Prerequisite(s): Permission of the Instructor
REL
410
Hours
3
Religion and Genocide

Explores the phenomenon known as genocide by examining its relationship to the religion in both its institutional and theological frameworks.

REL
415
W
Hours
3
Religion in the American South

This Writing course will look at the roles and implications of myths and rituals in the American South, using the UA campus as its own case study and talking about how notions of “the past” come to be invented in different ways for different social purposes through memorials and monuments. Because the course carries the Core “W” designation, an important component of the seminar is the culminating term paper, which we will take through the writing process throughout the semester. This includes brainstorming, drafting, peer editing, and revising. Writing proficiency is required for a passing grade in this course. A student who does not write with the skill normally required of an upper-division student will not earn a passing grade, no matter how well the student performs in other areas of the course.

Writing
REL
419
W
Hours
3
Adv Studies in Myth and Ritual

Examination of the theories and methods used to study the relations between religious narrative and behavioral systems, with a focus on myth and ritual. Writing proficiency is required for a passing grade in this course. A student who does not write with the skill normally required of an upper-division student will not earn a passing grade, no matter how well the student performs in other areas of the course.

Writing
REL
420
W
Hours
3
Gospel Of Mark

Investigates the Gospel of Mark through the disciplines of contemporary biblical, literary, and cultural criticism. Writing proficiency is required for a passing grade in this course. A student who does not write with the skill normally required of an upper-division student will not earn a passing grade, no matter how well the student performs in other areas of the course.

Writing
REL
430
W
Hours
3
Religion and Literature

This course will examine religion and literature in light of what both discourses rely heavily on: namely, canon formation. From a critical starting point that views these two categories as socio-cultural products, we will discuss problems of authorship, readership, and canonicity with a particular eye toward the questions and implications of decisions that are made regarding what “counts” in literary or religious traditions. An important component of the seminar is the mastering the steps in the writing process, which we will be utilizing throughout the semester. These steps include brainstorming, drafting, peer editing, and revising. Writing proficiency is required for a passing grade in this course. A student who does not write with the skill normally required of an upper-division student will not earn a passing grade, no matter how well the student performs in other areas of the course.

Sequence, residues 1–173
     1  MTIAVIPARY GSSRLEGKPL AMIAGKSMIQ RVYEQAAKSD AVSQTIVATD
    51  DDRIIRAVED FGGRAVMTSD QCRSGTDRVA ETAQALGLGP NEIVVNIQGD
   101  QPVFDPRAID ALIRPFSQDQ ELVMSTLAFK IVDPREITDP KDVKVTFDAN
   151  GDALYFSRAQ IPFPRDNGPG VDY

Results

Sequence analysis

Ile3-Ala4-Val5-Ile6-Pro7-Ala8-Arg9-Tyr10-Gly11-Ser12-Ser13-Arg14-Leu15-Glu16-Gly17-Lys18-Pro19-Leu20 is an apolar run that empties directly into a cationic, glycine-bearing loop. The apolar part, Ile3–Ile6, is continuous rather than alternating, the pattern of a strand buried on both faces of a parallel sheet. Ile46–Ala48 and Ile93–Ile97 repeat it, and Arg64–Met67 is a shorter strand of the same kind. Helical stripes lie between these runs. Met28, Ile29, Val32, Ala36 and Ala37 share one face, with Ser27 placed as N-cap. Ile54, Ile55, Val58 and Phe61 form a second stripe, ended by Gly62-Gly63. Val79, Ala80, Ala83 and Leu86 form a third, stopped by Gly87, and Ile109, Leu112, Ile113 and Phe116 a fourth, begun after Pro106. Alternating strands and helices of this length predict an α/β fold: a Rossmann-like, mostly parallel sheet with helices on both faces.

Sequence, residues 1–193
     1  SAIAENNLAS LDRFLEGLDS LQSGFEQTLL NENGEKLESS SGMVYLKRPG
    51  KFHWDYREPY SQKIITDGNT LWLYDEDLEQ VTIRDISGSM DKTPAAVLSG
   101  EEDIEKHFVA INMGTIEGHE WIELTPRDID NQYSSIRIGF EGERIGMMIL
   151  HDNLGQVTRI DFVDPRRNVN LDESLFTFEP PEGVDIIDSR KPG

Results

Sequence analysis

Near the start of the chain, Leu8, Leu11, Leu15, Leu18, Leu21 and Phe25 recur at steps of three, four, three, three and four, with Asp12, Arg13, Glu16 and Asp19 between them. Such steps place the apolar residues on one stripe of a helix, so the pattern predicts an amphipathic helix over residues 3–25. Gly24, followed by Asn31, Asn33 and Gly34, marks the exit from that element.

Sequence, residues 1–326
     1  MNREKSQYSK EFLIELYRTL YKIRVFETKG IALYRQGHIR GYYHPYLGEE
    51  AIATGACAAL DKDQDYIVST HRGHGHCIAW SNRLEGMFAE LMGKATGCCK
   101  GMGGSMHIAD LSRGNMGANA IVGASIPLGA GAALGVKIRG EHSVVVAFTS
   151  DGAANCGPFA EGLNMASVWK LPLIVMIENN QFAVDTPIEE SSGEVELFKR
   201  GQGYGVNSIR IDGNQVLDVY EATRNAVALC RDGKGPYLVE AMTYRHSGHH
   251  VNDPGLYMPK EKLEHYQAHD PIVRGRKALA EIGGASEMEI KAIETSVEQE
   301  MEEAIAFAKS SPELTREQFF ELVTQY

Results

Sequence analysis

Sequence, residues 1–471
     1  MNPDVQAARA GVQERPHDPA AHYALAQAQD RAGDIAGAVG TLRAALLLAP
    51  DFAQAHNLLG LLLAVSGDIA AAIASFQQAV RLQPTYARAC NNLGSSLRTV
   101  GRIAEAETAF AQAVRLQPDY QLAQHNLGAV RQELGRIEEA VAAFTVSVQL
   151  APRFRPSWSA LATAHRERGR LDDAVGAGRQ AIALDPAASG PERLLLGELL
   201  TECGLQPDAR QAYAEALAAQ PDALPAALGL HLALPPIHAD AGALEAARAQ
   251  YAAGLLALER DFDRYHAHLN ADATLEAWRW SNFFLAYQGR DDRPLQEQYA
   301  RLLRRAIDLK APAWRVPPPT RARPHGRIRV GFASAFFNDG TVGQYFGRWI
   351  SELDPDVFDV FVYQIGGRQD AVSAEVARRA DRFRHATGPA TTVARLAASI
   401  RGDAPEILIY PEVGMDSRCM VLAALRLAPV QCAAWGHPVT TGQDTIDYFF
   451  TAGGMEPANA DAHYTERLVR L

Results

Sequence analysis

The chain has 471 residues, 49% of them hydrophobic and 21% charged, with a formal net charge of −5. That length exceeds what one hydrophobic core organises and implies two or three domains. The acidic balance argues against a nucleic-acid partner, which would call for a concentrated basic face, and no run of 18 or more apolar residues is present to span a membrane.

Writing
REL
436
Hours
3
Making Islam: Debating Authenticity and Authority

This course is a study of how various agents (both Muslim and non-Muslims) construct, debate, and refute ideas about Islam in popular culture and academic sources. We will pay particular attention to how scholars attempt to make sense of such diverse accounts, the assumptions that they make, and the roles that they play in debates over the nature of Islam.

Prerequisite(s): None
REL
440
Hours
3
Theories of Religion

Examines classic and contemporary theories of religion such as functionalism, structuralism, Marxism, and psychoanalysis. Emphasis may vary with each offering.

REL
450
Hours
3
Religion & Power in Colonial India

This course explores the ways Britons and South Asians imagined, debated, conspired, and coerced one another in the construction of “religion” during the colonial period of South Asian history.

REL
455
Hours
3
Popular Culture and Religion Seminar